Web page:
Besides the overt censorship, there was, as Stetson Kennedy notes, the implicit censorship of local mores—including Jim Crow segregation in the South, hanging over the guide editors. The Florida WPA guide did challenge that with accounts of lynching and unfair employment practices—cheek to jowl in a book about Florida tourist spots!—but still there were projects planned that never saw the light of day. In the case of The Florida Negro, it was a combination of that and the kind of mundane editorial merry-go-round that a script might experience in Hollywood—no greenlighting, a U-turn to rewrite, etc. Sterling Brown, the remarkable poet and professor at Howard University who oversaw black studies in the FWP, planned a whole series—and some like The Virginia Negro did get published as amazing glimpses of black history. Hurston took over The Florida Negro when a version had been drafted, and she reworked it. When she left for a teaching job in North Carolina, it sort of died. A decade ago, The Florida Negro was finally published by the University Press of Mississippi, and essays Hurston wrote for it appeared in Pam Bordelon’s Go Gator! And Muddy the Water. There’s still a lot of Zora’s genius coming to light. A few years ago a musical version of Polk County, her play about life in the turpentine camps she uncovered for the FWP, was staged here in D.C. and won a Helen Hayes award for best new musical. Hurston would have loved that.

There’s been a resurgence of interest in the WPA guides of late, perhaps as a function of the material becoming available online through the Library of Congress—last year there are books like America Eats! and State by State, which both pay tribute to the FWP’s efforts, and now your project. What do you think people are searching for by revisiting the guides?

I think part of it is actually a continuation of the flowering of local stories that started with the FWP and unfolded in the decades afterward, like Studs Terkel’s oral histories, which just kept bubbling out. Then others took up the idea with permutations like StoryCorps. A lot of writers came across the WPA guides in used bookstores and found in them authentic voices and experiences. Even where the writing is musty, the guides can be exotic because of the time that’s passed. Some have a Ghost World quality that fits with an aesthetic popular now too. For me it was a shock of recognizing a tone and voice that I didn’t expect to find. Many FWP writers wanted to get beyond industrial and commercial treatments of life. They wanted to scratch beneath the surface and see what made people tick and where the pressure points were. I think we’re seeing that again.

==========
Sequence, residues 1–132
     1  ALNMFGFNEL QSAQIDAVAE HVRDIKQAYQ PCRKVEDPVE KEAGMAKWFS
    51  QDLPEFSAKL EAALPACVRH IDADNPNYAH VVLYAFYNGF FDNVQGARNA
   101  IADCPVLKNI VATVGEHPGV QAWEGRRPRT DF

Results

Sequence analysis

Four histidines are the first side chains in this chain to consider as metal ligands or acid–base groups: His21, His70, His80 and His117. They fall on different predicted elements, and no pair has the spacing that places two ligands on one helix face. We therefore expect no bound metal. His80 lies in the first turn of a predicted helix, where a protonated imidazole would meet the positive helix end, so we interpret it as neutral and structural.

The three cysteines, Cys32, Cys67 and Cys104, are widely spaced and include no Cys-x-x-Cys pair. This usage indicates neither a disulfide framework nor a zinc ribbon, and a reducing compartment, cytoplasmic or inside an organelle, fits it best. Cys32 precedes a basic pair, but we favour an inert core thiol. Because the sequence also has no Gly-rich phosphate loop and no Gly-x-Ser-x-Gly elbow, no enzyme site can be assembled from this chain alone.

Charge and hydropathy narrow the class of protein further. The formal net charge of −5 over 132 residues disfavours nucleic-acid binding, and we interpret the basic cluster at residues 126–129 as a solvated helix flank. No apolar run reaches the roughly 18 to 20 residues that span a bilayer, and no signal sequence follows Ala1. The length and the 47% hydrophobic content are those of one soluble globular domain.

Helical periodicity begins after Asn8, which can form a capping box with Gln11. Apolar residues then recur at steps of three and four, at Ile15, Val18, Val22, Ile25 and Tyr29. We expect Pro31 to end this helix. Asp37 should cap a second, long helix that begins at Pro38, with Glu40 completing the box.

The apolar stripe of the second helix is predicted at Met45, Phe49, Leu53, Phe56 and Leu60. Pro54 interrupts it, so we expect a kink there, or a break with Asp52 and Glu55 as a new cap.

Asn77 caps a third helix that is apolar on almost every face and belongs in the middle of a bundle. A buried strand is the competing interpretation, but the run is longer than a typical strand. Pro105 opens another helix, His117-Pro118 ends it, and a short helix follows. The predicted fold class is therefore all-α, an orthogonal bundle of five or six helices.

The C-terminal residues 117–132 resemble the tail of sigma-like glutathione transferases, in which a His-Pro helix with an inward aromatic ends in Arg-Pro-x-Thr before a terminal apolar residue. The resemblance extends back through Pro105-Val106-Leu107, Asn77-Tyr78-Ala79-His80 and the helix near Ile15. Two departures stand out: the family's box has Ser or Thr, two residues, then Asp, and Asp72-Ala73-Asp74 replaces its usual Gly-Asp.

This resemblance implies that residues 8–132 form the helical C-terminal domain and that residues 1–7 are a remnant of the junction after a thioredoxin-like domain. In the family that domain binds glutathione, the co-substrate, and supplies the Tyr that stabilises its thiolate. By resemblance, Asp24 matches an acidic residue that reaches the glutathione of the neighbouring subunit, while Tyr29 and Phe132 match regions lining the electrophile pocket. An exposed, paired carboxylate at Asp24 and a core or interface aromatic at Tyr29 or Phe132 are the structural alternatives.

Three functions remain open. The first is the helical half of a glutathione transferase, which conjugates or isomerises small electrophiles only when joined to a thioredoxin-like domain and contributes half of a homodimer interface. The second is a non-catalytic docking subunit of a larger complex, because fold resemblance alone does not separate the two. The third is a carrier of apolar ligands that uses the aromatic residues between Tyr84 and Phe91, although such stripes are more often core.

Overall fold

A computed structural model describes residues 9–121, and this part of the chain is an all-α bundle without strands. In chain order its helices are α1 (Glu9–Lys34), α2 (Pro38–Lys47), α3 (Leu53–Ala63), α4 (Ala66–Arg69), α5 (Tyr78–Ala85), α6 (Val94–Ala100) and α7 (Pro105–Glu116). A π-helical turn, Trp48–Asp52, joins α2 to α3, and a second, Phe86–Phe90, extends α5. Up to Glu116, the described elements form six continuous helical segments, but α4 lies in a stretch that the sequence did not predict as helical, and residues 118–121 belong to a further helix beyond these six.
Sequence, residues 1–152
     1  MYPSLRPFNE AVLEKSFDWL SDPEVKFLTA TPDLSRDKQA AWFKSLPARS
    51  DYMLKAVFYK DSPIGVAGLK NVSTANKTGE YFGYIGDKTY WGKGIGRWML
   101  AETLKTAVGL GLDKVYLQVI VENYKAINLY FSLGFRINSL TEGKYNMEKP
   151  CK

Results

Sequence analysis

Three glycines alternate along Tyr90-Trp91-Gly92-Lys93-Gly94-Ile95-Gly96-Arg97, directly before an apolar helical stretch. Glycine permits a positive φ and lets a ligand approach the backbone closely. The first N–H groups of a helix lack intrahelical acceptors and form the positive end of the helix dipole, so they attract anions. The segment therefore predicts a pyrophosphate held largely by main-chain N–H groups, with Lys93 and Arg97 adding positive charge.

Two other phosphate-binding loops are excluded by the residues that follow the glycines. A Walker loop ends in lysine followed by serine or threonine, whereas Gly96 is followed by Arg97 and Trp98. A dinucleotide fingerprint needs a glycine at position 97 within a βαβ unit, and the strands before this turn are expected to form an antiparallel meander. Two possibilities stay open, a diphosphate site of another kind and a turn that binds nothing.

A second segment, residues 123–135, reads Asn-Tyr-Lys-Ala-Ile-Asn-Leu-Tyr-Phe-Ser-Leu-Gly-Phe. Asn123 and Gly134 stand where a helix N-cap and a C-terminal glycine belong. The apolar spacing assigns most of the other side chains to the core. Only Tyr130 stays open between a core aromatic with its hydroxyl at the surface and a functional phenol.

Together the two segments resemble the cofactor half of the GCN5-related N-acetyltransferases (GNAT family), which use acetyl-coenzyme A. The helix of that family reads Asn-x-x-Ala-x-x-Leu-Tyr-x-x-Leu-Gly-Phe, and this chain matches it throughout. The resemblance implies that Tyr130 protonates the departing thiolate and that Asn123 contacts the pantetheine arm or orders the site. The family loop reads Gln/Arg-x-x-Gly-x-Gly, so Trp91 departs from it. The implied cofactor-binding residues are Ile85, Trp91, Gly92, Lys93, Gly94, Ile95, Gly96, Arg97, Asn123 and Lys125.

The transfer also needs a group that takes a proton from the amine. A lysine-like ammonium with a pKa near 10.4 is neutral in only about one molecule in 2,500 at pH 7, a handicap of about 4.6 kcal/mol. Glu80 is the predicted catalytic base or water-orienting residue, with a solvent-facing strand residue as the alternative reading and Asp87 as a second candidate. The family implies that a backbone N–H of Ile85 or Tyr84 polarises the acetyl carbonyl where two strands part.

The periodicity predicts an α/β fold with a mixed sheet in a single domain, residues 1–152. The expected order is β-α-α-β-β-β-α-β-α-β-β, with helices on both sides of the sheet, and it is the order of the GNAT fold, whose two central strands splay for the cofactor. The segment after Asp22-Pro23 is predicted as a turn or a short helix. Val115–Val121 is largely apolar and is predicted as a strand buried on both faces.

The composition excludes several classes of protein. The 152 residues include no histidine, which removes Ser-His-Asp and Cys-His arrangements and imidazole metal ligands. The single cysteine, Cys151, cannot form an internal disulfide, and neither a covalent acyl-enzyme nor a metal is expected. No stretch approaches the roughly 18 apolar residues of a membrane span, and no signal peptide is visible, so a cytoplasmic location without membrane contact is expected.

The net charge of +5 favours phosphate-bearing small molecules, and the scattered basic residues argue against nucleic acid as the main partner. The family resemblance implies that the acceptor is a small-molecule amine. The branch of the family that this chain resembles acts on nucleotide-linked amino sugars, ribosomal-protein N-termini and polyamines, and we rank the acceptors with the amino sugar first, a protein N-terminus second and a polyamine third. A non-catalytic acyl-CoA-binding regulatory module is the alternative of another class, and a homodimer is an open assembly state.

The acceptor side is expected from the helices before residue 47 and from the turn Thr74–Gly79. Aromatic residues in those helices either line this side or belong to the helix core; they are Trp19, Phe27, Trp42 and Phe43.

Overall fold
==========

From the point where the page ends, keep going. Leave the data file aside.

Roundup: Great Plains Drifter

  • Laurie Muchnick, writing at Bloomberg News, has a guide to some recent Brooklyn lit.
  • Newsweek‘s Jennie Yabroff nicely ties–coils, even–together the multiple authors who’ve obsessed over Nikola Tesla.
  • Kent Haruf (Plainsong) and photographer Peter Brown discuss their book about the Great Plains, West of Last Chance, at the Rocky Mountain News. (The Photo-Eye Web site has some sample images, which call to mind Richard Misrach‘s dusty western landscapes, though Brown’s photos of people are compelling as well.)
  • If you’re in Mississippi next weekend, the Oxford Conference for the Book has an interesting lineup of readings. The conference theme is the work of Zora Neale Hurston, though the schedule looks to be wide-ranging–the Jack Pendarvis-Susan Choi reading in particular looks like fun.
  • Michael Cunningham isn’t interested in what Michiko Kakutani has to say: “I don’t read that shit. Any of it. The good reviews or the bad,” he told an audience at Boston’s Northeastern University. “The bad ones feel like they’re true and the good ones feel like you just fooled that one reviewer.” (Kakutani said that Cunningham’s 2005 novella collection, Specimen Days, “reads like a clunky and precious literary exercise….nothing but gratuitous and pretentious blather.”)

Your Guide to the Depression

As somebody who cherishes his Illinois and California WPA guides, it’s hard to argue with David Kipen‘s plea to revive them online:

I’m calling for the creation of a free, route-based, readily searchable online repository of all the text and photography from every last American Guide, with the Center for the Book’s literary maps to all 50 states thrown in for good measure. Copyright law here should prove less of a headache than usual, considering that the American taxpayer already paid for this priceless treasure house a lifetime ago.

The WPA guides, somewhat famously, helped support many writers during the Great Depression, including Ralph Ellison, Zora Neale Hurston, Nelson Algren, Eudora Welty, and more. (A 2003 New York Times piece captures the breadth of the contributions.)